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Hurricanes’ lack of elite goal scoring exposed in Game 7 loss to Rangers

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Hurricanes captain Jordan Staal held back tears as he addressed the media after Carolina’s 6-2 loss to the Rangers in Game 7 of the second round on Monday.

He knew it, you knew it, we all knew it: The Canes had to be much better if they were to advance to the Eastern Conference final.

“Did we want to get to a Game 7? No, ”he said. “We had a great start to the series, but we’ve got to find a way to steal one on the road, which we didn’t. Tonight there were some bounces, and everyone wasn’t quite there, including myself. ”

This time, there were no compelling bounces to hide behind. The Canes allowed two power-play goals in the first eight minutes of the game, and even though they contained the Rangers well enough after that in the first period, the containment is just not good enough this time of year. Overall, nothing they tried for the remaining 52 minutes inspired a true comeback effort.

“We were chasing it again,” Staal said. “And chasing it is not easy.”


The Rangers’ Kaapo Kakko and Hurricanes defenseman Brett Pesce chase the puck in the second period Monday. (James Guillory / USA Today)

Carolina’s playoff run was oddly tough to watch. It was something about having to rally in games, the whiplash of the 7-1 home record and a winless road record and the expectations placed on the Hurricanes during their fourth consecutive crack at the postseason.

“Every year when it ends is always tough. It’s tougher maybe because I felt like we were in a different spot this year, “head coach Rod Brind’Amour said. “It wasn’t that we were better than everybody, but I felt like we weren’t worse. We were right there. That makes it maybe a little tougher. It’s another chance, I don’t want to say lost, but it’s another year where you don’t get that chance. “

If the Canes had won, they would have become the first team in NHL history to win multiple best-of-seven series in a single postseason with zero road wins. There’s a reason that has never happened.

You cannot tempt fate too much in the Stanley Cup playoffs. And as the Hurricanes’ season ended one game short of the Eastern Conference final, via their first home loss of the postseason, you knew the Hockey Gods had been watching Carolina’s 14-game playoff run the whole time.

They were watching on the road, where the Canes went 0-6 with at least two losses that made you question everything you thought you’d known about the team that won the Metropolitan Division.

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The Gods were watching the special-teams battles, most notably the silly penalties taken and the squandered power-play opportunities. The Canes went 7-for-54 (13 percent) on the man advantage. It wasn’t close to good enough, and they knew it.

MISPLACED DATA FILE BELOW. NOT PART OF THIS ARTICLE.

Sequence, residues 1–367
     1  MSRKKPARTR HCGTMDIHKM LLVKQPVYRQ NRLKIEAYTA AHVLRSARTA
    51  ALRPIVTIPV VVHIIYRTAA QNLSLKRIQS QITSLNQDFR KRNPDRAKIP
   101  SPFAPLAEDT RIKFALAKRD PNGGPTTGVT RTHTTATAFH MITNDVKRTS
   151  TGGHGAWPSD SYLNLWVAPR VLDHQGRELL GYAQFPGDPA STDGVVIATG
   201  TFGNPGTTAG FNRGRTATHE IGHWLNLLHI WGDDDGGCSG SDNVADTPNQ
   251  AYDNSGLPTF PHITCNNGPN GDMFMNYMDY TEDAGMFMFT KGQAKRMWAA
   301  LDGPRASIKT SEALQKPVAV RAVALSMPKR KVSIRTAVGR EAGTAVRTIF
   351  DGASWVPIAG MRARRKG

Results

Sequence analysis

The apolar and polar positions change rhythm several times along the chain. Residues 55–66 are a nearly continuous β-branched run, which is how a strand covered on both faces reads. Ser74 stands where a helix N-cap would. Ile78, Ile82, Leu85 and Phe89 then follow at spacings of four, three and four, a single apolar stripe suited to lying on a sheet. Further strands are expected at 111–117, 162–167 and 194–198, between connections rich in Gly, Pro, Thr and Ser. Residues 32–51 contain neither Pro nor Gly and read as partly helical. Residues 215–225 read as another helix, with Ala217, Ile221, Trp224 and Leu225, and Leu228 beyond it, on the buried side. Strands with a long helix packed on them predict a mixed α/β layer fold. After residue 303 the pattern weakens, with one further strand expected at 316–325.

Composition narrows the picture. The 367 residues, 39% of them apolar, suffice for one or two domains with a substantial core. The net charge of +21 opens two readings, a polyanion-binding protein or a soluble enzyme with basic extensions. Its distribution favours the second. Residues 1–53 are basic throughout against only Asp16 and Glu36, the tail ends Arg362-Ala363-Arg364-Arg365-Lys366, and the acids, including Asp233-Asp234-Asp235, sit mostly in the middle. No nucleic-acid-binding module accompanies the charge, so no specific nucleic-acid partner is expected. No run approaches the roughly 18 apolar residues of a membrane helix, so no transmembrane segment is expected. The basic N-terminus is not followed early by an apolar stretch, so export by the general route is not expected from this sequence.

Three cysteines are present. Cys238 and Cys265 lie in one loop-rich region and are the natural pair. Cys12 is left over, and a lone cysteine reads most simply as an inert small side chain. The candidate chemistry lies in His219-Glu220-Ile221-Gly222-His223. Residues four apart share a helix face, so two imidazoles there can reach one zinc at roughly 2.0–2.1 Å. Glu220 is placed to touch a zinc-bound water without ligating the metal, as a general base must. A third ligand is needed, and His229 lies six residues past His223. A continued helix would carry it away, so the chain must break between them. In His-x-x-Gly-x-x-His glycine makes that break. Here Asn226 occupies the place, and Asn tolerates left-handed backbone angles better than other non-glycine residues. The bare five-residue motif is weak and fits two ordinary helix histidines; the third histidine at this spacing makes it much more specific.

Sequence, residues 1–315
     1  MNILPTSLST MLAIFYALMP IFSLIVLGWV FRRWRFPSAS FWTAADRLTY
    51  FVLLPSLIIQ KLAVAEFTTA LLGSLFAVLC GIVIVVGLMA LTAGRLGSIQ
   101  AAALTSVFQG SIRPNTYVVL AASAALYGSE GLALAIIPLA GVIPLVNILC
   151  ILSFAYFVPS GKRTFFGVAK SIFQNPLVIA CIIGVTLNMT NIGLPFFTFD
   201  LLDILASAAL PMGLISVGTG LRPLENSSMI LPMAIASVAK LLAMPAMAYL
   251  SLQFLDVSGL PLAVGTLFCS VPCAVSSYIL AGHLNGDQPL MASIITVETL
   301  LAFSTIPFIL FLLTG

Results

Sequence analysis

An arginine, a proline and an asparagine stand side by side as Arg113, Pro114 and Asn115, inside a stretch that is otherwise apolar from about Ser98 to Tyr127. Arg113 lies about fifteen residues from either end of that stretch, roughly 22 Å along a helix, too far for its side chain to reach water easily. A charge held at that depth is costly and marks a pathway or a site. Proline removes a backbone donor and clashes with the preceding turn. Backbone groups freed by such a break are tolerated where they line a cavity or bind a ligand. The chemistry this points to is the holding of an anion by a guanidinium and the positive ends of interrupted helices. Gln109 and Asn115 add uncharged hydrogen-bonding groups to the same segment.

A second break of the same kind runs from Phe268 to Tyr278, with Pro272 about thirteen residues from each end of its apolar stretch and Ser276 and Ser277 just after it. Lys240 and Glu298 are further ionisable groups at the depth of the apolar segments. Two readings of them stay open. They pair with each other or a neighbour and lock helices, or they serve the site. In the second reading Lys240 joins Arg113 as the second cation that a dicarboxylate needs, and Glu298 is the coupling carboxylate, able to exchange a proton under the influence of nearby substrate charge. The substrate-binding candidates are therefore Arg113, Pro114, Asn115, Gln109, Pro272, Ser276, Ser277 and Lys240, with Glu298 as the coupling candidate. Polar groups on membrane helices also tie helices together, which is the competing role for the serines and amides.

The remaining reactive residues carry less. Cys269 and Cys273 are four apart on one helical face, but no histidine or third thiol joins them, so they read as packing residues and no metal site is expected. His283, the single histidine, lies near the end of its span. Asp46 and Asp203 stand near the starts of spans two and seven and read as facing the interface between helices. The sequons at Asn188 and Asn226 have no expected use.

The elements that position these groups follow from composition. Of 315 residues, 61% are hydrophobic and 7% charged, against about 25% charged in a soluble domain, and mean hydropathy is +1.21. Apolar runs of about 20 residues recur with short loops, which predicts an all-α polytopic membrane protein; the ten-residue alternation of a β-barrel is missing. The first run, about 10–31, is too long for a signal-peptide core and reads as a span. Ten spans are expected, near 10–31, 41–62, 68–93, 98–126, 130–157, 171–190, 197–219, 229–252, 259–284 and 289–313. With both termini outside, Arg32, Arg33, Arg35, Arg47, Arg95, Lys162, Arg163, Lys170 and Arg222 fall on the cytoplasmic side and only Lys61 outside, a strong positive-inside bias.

“On the power play, five-on-five, whatever it is, we’ve got to be able to put pucks in the back of the net,” Jaccob Slavin said. “To get past this at this point and get over the hump, when you look back at all the years, I think special teams is what it’s always coming down to. We lost the special battle teams. ”

The power play Monday was particularly demoralizing. Vincent Trocheck deflected a Tony DeAngelo point shot in garbage time, but the Canes’ umbrella system felt telegraphed when it actually counted – a few passes, then a shot directly into a defenseman’s chest. Rinse, repeat.

As Brind’Amour often says, it isn’t about the effort, and the effort isn’t to blame for the Game 7 loss. But Brind’Amour finally said the quiet part out loud Monday.

“I always think the (team is) good – it’s just, do we have elite goal scorers?” he said. “Maybe not. But we have great players. We’re built a little differently than some teams. You’ve got to play to your strengths. I think we did that, but it just didn’t work out. Going into tonight, there were five teams left playing. That says something. We’ve got to come back next year and be better. “

The Canes needed more creativity on the power play – the kind of creativity only elite goal scorers possess. They could’ve used some of that at even strength, too. Teuvo Teravainen was quietly keeping the offense afloat, with 11 points in 14 games. The Canes needed more from their goal scorers, and they ended with only 13 goals through seven games against the Rangers.

“It wasn’t a lack of offense,” Brind’Amour said. “It was a lack of scoring, but usually it’s a lack of scoring because you don’t get chances or opportunities. That’s really not what this was. You have to work hard to get your chances, and I think we did that. I don’t think we gave up a tone. ”

Andrei Svechnikov had four goals and five points in 14 games, zero points in Game 7 and only one point in his past eight games. Sebastian Aho ended with four goals and 11 points in 14 games, and he had zero goals in Game 7 and zero goals in his last five games. Martin Necas ended with zero goals and five points in 14 games. After a solid start in the first round, DeAngelo had zero goals and two assists in his last nine games.

The Hockey Gods finally had enough. They rewarded Igor Shesterkin for his consistently fantastic play, and they awarded the Hurricanes the first Game 7 loss in franchise history for their inconsistency.

04.30 Top photo of Sebastian Aho: Jared C. Tilton / Getty Images

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